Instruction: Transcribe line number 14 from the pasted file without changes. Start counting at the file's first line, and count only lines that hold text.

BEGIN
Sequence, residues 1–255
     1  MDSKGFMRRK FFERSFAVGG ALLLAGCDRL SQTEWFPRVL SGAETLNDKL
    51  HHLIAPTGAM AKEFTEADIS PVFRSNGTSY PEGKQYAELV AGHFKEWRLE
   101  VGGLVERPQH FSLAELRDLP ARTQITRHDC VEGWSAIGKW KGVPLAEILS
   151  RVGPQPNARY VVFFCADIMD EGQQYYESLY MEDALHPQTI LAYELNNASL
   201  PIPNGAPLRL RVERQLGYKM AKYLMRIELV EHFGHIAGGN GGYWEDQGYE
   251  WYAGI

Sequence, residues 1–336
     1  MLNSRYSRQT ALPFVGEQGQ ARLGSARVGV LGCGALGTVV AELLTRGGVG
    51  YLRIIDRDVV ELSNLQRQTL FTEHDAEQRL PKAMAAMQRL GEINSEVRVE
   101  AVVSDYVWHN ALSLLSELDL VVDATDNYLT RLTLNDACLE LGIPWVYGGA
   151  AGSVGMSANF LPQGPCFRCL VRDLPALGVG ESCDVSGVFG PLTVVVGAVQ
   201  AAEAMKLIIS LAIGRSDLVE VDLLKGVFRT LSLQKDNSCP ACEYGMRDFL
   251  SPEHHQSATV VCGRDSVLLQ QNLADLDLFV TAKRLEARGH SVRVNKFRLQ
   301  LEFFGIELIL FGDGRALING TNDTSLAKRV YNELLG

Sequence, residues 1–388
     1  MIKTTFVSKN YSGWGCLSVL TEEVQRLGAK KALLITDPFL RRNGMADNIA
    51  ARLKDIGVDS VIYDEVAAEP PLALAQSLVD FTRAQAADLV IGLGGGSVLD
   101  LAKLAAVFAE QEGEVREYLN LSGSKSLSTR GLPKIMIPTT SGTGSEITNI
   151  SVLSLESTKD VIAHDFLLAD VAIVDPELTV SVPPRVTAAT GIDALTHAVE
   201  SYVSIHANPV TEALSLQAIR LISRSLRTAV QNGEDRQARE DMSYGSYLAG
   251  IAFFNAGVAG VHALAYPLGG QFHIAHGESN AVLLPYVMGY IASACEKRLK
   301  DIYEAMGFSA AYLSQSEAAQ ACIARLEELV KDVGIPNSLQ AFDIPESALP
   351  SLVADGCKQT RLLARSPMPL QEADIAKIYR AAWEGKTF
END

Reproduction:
   251  SPEHHQSATV VCGRDSVLLQ QNLADLDLFV TAKRLEARGH SVRVNKFRLQ